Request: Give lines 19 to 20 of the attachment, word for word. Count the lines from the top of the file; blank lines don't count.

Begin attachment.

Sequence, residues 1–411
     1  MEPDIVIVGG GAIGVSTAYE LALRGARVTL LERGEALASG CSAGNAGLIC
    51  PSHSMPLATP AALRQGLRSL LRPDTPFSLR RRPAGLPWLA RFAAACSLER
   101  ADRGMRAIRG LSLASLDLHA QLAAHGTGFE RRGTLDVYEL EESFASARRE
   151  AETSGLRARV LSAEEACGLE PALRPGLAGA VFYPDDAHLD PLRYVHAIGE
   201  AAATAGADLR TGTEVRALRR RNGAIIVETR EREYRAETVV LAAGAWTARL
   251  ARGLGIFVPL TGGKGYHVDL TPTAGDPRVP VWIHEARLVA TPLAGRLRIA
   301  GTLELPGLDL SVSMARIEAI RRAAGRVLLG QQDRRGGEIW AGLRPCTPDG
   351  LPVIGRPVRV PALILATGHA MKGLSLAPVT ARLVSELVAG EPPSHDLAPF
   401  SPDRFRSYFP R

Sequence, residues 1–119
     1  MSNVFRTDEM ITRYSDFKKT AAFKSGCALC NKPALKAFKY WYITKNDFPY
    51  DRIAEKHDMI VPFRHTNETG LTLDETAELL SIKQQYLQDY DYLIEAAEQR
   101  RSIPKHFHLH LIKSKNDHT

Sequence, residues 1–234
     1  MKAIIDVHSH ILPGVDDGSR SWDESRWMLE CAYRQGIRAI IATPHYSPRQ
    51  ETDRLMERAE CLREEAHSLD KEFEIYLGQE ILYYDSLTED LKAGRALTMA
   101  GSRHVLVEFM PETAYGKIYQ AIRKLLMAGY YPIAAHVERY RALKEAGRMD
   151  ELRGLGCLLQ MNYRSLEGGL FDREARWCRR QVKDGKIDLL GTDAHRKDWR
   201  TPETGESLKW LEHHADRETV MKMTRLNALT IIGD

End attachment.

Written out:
   151  ELRGLGCLLQ MNYRSLEGGL FDREARWCRR QVKDGKIDLL GTDAHRKDWR
   201  TPETGESLKW LEHHADRETV MKMTRLNALT IIGD